On the network side, my home is serviced with cable based Internet. This goes into an ISP provided Arris cable modem and immediately behind this is a Google WiFi access point. Nothing elaborate here, just a “basic” WiFi router handles all DHCP and NAT for my entire network and does a fine job with it. After the WiFi router is a Cisco 3560g 10/100/1000 switch. This sixteen year old managed switch does support a lot of useful features but most of my network is just sitting on VLAN 1 as I don’t have a lot of need for segmenting my network. Attached to the switch are two additional Google WiFi access points, numerous IoT devices, phones, laptops and the like.

Also attached to the switch are, of course, items that I consider part of the home lab. This includes a 2011 HP Compaq 8200 Elite Small Form Factor PC, an Intel i5-3470 based system built around 2012 and a Raspberry Pi 4. The HP system has a number of HDD and SSD drives, 24GB memory, a single gigabit ethernet port and hosts a number of virtual machines. The built Intel i5-3470 system has 16GB memory, a set of three 2TB HDDs and a single SSD for hosting the OS. The Pi4 is a 4GB model with an external SSD attached.

Operating Systems

Base operating system on the HP is Proxmox 7. This excellent operating system is best describe as being similar to VMware ESXi. It allows you to host as many Virtual Machines as your hardware will support, can be clustered and even migrate VMs between cluster nodes. Proxmox is definitely a happy medium between having a single system and being a full on cloud like OpenStack. I can effectively achieve a lot of a cloud stack would provide but with greater simplicity. Although I can create VMs and manually install operating systems, I have created a number of templates to make creating VMs quicker and easier. The code for building the templates is at

On the Intel i5-3470 based system is TrueNAS Core. This system acts as a Samba based file store for the entire home network including remote Apple Time Machine support, NFS for Proxmox and iSCSI for Kubernetes. TrueNAS Core is an excellent choice for creating a NAS. Although it is capable of more, I stick just to just the basic file serving functionality and don’t get into any of the extra plugins or services it can provide.

The Raspberry Pi 4 is running the 64bit version of Pi OS. Although it is a beta release it has proven to work well enough.

Software and Services

The Proxmox system hosts a number of virtual machines. These virtual machines provide:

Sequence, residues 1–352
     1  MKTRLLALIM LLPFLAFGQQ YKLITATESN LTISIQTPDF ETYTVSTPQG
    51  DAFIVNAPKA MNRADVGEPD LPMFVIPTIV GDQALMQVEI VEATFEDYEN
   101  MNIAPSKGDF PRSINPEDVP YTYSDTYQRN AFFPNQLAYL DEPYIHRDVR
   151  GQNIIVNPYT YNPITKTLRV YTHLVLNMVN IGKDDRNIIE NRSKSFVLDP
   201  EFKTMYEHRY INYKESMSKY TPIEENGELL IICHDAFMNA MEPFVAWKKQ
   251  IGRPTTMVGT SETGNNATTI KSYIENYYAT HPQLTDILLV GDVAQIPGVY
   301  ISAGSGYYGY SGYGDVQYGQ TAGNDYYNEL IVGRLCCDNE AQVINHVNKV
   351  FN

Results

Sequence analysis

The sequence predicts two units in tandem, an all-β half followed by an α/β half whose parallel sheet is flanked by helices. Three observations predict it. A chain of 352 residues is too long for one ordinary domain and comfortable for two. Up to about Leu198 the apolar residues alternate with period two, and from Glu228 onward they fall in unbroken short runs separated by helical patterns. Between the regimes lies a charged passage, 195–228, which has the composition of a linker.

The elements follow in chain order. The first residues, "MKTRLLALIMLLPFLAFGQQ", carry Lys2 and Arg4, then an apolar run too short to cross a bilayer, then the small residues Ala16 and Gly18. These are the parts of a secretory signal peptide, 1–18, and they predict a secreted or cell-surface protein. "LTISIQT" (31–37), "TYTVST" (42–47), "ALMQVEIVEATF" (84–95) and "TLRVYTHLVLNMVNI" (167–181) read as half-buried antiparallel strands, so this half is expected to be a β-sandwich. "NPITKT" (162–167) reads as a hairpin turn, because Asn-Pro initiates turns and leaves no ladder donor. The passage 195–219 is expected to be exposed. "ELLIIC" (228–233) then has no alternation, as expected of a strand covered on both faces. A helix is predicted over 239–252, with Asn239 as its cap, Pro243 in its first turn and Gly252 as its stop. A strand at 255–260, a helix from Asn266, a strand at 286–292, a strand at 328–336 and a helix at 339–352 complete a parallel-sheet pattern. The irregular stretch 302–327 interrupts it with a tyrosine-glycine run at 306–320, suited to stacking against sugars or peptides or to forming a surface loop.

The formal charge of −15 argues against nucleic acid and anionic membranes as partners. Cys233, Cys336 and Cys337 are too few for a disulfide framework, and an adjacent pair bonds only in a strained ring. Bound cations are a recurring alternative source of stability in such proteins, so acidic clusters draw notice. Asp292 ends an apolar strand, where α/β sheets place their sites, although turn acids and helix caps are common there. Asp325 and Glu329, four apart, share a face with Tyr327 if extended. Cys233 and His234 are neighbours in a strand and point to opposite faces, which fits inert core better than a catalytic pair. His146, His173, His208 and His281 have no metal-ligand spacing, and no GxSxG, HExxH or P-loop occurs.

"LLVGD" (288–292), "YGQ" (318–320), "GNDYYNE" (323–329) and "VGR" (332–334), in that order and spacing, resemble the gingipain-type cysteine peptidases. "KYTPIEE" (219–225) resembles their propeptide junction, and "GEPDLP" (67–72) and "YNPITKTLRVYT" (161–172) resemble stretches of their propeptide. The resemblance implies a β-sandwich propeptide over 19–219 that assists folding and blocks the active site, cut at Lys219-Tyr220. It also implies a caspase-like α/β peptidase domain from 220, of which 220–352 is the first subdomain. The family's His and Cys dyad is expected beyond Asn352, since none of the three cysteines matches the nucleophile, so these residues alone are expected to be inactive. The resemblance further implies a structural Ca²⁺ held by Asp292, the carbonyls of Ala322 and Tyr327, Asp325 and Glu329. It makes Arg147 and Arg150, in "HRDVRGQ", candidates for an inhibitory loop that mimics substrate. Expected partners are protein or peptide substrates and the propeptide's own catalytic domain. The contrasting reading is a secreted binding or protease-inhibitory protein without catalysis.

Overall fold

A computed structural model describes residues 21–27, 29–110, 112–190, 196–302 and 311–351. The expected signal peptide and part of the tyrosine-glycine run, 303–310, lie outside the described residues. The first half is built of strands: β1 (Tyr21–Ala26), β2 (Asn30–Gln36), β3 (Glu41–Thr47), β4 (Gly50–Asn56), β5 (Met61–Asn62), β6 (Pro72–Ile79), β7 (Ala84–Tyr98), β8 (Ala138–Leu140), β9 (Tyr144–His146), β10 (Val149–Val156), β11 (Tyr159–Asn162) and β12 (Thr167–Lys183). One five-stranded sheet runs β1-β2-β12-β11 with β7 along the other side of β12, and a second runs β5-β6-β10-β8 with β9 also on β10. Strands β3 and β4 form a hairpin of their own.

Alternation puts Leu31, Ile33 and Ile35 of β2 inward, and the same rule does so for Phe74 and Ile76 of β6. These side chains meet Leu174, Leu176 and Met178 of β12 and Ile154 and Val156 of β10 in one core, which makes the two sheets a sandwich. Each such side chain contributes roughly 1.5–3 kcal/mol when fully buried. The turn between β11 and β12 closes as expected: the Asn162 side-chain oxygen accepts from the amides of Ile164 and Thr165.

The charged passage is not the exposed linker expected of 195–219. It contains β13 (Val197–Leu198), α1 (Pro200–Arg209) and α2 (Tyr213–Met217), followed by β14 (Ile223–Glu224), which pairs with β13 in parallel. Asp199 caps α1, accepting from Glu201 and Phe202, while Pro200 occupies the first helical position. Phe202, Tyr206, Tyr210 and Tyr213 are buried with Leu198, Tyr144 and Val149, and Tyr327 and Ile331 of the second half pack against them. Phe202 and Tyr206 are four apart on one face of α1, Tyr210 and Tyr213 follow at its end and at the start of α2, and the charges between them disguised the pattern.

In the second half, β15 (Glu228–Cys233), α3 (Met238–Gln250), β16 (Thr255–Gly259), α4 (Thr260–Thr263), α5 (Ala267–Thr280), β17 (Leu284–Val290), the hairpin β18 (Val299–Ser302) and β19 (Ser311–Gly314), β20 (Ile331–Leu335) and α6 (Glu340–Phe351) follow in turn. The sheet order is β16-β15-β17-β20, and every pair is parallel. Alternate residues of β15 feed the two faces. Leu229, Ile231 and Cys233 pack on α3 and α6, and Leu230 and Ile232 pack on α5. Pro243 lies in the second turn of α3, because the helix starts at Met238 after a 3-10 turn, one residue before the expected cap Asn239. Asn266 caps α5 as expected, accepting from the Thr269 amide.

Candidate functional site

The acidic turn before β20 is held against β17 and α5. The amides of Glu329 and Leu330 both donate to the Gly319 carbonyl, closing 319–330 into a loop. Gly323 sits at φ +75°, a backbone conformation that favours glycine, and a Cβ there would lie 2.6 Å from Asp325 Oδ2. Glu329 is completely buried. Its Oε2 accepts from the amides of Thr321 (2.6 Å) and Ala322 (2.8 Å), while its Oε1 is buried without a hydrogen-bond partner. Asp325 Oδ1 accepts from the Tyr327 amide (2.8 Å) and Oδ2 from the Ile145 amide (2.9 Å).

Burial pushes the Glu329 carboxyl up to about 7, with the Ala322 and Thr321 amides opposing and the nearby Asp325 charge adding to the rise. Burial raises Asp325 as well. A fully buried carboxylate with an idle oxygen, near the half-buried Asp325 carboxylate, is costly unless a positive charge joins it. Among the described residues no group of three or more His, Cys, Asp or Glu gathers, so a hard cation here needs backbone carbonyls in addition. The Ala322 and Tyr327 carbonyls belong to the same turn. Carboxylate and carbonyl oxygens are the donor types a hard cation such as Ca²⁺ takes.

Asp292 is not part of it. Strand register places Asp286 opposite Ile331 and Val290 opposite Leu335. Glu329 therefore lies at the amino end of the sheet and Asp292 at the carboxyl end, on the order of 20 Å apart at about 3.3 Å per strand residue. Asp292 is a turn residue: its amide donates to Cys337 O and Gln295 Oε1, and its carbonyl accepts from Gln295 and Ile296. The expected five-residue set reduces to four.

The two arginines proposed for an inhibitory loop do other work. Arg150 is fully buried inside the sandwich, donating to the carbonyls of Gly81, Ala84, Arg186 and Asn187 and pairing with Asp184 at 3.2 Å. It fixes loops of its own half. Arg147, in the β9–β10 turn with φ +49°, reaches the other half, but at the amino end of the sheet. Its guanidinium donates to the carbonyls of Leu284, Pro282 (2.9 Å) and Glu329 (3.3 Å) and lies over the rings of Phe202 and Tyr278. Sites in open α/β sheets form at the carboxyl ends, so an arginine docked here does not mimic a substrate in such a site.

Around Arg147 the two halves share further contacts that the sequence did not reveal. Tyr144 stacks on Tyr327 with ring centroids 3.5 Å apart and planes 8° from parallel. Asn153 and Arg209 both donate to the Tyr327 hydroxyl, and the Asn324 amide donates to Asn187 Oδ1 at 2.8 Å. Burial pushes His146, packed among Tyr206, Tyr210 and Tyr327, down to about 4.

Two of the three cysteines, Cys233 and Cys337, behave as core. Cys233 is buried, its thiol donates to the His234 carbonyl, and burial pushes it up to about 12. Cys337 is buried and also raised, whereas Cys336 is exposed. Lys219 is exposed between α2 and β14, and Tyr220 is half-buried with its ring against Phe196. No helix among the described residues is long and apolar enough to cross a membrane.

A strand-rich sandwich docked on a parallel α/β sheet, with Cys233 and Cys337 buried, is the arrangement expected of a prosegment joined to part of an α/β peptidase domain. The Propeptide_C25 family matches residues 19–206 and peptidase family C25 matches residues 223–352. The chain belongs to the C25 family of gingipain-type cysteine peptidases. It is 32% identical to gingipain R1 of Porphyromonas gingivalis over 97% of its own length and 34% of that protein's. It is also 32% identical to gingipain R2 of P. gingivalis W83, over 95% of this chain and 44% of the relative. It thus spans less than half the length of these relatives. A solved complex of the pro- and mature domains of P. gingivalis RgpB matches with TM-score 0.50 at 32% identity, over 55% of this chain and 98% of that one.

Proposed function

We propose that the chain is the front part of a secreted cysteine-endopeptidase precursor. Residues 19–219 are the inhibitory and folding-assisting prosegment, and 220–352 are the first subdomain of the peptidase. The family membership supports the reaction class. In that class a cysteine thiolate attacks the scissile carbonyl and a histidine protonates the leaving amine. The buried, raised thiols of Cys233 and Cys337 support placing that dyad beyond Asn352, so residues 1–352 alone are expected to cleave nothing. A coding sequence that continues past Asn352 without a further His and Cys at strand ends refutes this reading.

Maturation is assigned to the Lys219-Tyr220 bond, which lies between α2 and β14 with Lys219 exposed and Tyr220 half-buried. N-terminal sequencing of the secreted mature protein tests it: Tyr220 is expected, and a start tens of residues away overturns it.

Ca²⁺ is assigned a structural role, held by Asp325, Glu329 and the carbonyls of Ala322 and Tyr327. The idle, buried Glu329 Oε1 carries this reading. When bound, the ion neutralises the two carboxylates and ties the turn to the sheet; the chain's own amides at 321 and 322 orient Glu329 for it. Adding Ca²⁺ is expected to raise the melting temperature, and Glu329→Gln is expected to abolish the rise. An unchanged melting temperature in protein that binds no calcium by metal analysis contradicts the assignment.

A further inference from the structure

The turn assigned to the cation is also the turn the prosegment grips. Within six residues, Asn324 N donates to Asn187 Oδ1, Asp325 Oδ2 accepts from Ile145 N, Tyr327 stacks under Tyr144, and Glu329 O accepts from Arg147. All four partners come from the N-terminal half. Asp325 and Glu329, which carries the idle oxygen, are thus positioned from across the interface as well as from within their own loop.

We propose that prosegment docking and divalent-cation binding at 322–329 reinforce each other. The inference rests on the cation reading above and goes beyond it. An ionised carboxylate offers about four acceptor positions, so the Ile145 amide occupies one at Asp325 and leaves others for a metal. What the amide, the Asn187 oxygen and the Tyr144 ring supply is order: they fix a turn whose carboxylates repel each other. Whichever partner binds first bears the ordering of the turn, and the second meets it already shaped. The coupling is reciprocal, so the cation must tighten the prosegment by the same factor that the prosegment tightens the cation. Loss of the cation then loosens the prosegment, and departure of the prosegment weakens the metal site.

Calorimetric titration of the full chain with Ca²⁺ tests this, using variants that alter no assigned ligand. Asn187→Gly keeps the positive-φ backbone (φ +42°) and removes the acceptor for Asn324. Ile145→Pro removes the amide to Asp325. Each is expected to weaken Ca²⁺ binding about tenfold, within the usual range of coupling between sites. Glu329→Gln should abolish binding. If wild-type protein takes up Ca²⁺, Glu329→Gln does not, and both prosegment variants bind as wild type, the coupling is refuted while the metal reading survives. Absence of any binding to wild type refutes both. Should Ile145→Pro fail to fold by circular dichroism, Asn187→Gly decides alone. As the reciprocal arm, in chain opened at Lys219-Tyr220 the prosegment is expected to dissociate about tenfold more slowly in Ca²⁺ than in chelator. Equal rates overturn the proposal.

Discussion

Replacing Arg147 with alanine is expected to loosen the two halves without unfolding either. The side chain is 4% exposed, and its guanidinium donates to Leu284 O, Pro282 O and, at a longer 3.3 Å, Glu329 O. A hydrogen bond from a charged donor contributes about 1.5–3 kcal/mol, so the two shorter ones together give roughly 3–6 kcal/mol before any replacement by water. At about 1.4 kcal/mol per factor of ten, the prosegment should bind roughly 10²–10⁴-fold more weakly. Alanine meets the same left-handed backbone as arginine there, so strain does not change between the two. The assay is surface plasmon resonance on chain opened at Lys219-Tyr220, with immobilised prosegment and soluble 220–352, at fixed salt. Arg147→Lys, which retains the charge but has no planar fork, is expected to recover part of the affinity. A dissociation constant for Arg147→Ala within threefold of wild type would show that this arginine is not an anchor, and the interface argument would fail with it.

On top of Proxmox I also run k3s to provide Kubernetes. Kubernetes allows me to run software and test Helm charts that I’m working on. My Kubernetes cluster consists of a single amd64 based VM running on Proxmox and the Pi4 to give me a true arm64 node. In Kubernetes I have installed:

  • cert-manager for SSL certifications. This is configured against my DNS provider to validate certificates.
  • ingress-nginx for ingress. I do not deploy Traefik on k3s but prefer to use ingress-nginx. I’m more familiar with its configuration and have good luck with it.
  • democratic-csi for storage. This package is able to provide on demand storage for pods that ask for it using iSCSI to the TrueNAS system. It is able to automatically create new storage pools and share them using iSCSI.
  • gitlab-runner for Gitlab runner. This provides my Gitlab server with the ability to do CI/CD work.

I don’t currently use Kubernetes at home for anything other than short term testing of software and Helm charts. Of everything in my home lab Kubernetes is the most “lab” part of it where I do most of my development of Helm charts and do basic testing of software. Having a Pi4 in the cluster really helps with ensuring charts are targeting operating systems and architectures properly. It also helps me validate that Docker images I am building do work properly across different architectures.

Personal Workstation

My daily driver is currently an i7 Mac mini. This is, of course, running macOS and includes all of the usual tools and utilities I need. I detailed some time ago the software I use at

Finishing Up

As you can see, I have a fairly modest home lab setup but it provides me with exactly what I need to provide the services I actually use on a daily basis as well as provide a place to test software and try things out. Although there is a limited set of items I run continuously I can easily use this for testing more advanced setups if I need to.